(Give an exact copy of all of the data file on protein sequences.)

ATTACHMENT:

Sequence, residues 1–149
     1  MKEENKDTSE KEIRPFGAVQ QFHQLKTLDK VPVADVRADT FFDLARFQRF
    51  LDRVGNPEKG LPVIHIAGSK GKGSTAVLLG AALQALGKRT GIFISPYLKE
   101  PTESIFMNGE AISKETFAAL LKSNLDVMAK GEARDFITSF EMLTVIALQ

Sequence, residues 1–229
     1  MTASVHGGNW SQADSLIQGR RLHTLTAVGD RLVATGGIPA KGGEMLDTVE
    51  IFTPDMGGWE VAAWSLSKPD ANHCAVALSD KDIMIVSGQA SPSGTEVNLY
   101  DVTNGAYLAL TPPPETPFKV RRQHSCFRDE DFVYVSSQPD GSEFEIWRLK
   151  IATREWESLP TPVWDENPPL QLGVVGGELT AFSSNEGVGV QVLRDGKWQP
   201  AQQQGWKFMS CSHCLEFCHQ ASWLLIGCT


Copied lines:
Sequence, residues 1–149
     1  MKEENKDTSE KEIRPFGAVQ QFHQLKTLDK VPVADVRADT FFDLARFQRF
    51  LDRVGNPEKG LPVIHIAGSK GKGSTAVLLG AALQALGKRT GIFISPYLKE
   101  PTESIFMNGE AISKETFAAL LKSNLDVMAK GEARDFITSF EMLTVIALQ

Sequence, residues 1–229
     1  MTASVHGGNW SQADSLIQGR RLHTLTAVGD RLVATGGIPA KGGEMLDTVE
    51  IFTPDMGGWE VAAWSLSKPD ANHCAVALSD KDIMIVSGQA SPSGTEVNLY
   101  DVTNGAYLAL TPPPETPFKV RRQHSCFRDE DFVYVSSQPD GSEFEIWRLK
   151  IATREWESLP TPVWDENPPL QLGVVGGELT AFSSNEGVGV QVLRDGKWQP
   201  AQQQGWKFMS CSHCLEFCHQ ASWLLIGCT